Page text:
Where's your evidence that it was bankers who introduced trespasses into the prayer?
    – curiousdannii
    Jun 18, 2017 at 22:39
  • Some of the information contained in this post requires additional references. Please edit to add citations to reliable sources that support the assertions made here. Unsourced material may be disputed or deleted. Jun 22, 2017 at 18:33
  • @curiousdannii - actually, there may be some support for this idea or something like it. In the intro Social Sciences and New Testament Interpretation the authors assert that "forgive us our trespasses" actually referred to landlords and debt and include a paper about it in their bibliography. I don't have much more detail than that, but it was a point of interest I meant to pursue. Jun 22, 2017 at 18:35

It is already sufficiently explained above that "debts" is the most appropriate translation for the ὀφειλήματα, and also for a spiritual growth it is better, for one has to make an effort of cracking a metaphor independently, for it is impossible for humans to have a real debt, as some material thing - money, commodities - to God, who does not need them. In fact, "sins" and "trespasses" are also kind of metaphors, for "sin" in Greek is ἁμαρτία which comes from the verb denoting missing a target, so it metaphorises our not living a teleological life directed to fulfillment of divine plan on our lives; and "trespass" means crossing the forbidden borders, which is, again, a metaphor for basically the same, not obeying the divine ordinance for our lives and in a self-will deviating from it.

Thus, all three, "gaining debts", "sinning", "trespassing" are metaphors of ill-grounded motions, or lack of God-pleasing motions within our souls, within our "inner man" (Eph. 3:16). However, again "debts" is Jesus' own metaphor and why to change it to or explicate it by other metaphors within the very translation? It is not nice, to say the least. However, the explication is totally blameless and permissible in exegesis, of course.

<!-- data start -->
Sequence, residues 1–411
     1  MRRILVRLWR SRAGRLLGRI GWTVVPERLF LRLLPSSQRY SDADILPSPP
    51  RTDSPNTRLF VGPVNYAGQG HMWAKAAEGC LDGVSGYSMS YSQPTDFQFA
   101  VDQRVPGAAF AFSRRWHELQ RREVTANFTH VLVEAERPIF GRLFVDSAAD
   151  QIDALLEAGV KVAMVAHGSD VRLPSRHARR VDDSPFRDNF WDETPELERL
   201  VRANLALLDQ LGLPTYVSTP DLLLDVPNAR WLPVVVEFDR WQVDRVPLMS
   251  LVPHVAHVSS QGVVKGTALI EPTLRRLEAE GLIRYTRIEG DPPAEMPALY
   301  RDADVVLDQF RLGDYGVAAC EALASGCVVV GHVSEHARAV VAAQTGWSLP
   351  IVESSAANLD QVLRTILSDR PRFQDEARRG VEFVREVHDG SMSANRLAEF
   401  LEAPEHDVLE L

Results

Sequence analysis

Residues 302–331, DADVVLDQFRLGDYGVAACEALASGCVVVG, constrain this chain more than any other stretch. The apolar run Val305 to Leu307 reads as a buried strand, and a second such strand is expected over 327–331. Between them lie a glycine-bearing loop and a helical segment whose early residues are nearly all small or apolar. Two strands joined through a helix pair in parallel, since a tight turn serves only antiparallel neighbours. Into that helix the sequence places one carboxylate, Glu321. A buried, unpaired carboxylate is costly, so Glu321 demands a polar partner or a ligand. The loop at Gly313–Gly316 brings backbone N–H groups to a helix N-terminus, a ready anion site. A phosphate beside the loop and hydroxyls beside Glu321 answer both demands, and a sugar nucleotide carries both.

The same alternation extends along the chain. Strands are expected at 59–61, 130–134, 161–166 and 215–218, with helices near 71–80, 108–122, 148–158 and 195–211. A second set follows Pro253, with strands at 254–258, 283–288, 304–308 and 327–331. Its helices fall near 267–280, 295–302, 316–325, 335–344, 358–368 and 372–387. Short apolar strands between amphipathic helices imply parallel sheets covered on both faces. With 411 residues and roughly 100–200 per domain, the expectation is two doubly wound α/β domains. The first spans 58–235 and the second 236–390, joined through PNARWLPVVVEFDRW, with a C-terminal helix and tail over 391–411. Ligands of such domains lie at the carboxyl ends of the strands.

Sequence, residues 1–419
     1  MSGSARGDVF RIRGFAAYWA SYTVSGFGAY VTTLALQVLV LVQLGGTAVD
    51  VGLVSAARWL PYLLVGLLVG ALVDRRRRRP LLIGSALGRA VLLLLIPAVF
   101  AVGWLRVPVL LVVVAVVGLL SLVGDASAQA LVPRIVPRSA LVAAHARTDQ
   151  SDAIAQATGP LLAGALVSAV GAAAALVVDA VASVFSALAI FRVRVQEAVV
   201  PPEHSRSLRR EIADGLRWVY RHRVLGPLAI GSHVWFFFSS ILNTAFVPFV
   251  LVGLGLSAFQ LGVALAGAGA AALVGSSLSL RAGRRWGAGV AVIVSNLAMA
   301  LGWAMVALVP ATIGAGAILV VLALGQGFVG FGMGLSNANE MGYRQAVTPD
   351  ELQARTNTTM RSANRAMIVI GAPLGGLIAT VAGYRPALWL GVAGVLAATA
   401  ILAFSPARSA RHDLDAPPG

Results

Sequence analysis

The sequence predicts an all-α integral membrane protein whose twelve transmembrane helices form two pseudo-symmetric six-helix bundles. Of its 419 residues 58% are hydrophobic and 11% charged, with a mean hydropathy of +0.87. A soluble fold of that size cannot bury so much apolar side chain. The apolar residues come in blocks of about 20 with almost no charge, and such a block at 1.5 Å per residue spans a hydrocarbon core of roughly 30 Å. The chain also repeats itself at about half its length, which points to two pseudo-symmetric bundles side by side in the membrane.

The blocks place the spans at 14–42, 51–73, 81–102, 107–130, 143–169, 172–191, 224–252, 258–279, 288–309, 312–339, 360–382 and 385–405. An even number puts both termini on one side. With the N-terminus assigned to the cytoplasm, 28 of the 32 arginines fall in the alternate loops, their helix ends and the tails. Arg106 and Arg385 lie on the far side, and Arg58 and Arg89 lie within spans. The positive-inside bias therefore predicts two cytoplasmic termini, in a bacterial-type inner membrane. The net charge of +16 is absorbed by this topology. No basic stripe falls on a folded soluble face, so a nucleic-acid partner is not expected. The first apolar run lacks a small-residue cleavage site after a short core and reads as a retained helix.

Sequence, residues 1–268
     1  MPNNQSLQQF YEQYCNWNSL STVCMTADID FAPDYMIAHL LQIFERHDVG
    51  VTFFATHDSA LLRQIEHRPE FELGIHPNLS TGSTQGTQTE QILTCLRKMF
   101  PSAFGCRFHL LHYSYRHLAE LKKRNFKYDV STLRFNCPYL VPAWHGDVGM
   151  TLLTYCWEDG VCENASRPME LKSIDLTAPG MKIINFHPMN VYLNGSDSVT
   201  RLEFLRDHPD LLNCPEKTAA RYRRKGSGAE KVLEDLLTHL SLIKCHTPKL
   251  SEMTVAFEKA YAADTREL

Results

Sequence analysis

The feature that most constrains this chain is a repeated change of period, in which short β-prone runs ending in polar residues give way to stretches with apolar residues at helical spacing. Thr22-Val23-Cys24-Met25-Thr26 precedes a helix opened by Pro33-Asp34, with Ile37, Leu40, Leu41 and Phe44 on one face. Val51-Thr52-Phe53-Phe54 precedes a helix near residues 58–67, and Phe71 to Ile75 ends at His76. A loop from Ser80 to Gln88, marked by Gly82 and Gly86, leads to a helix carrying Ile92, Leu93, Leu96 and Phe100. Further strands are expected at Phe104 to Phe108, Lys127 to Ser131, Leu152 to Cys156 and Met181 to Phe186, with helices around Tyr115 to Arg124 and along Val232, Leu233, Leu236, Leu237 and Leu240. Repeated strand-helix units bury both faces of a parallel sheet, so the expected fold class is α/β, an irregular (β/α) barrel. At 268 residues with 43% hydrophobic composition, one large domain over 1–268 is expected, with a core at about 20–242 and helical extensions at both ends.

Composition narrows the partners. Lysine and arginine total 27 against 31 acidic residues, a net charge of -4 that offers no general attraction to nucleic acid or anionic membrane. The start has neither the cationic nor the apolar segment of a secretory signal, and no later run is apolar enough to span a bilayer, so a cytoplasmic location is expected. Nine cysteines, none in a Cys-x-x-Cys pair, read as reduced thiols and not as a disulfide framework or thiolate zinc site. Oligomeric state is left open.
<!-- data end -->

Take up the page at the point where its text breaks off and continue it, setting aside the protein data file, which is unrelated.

So how then can we be God's debtors? What does He give us that we should return? He gives us His only Begotten Son, who loved us even up to His death on Cross, and we, as Christians, are debtors of this love: we owe gratitude to God for such an awesome gift - making us able and giving us authority to become sons of Light (John 1:12), inheritors of the Eternal Heavenly Kingdom that eternally belonged to the Father and the Son, so that we, creatures and mortals be eternally shrouded by what is uncreated, eternal and immortal (1 Cor. 15:54).

But how we gather our debts to Him? By not practicing virtues, by indifference, by lukewarm prayers and a half-hearted devotion, but most of all by ingratitude to countless good things He gives to us. Thus, it is those debts that we are poised to get rid of every time when we say the prayer "Our Father".

Therefore, we owe gratitude, and love, and also, since He forgives us all our ingratitude and indifference, if we repent sincerely, so we also owe Him forgiveness of our neighbors who trespass against us, whom He loves as He does us, whom He forgives, inviting us to participate in His forgiveness; thus we owe Him loving and forgiving our neighbors.

Yet, most of all we owe Him the knowledge of His Son as Lord and God (John 20:28) through His Holy Spirit (1 Cor. 12:13); and through the same Holy Spirit we owe Father the understanding and free blissful commitment not to live for ourselves, but for His Son, who died for us and rose again (2 Cor. 5:15), and we owe to His Son to hearken to His commandment of perfection, that is: becoming as perfect as our Heavenly Father is (Matt. 5:48).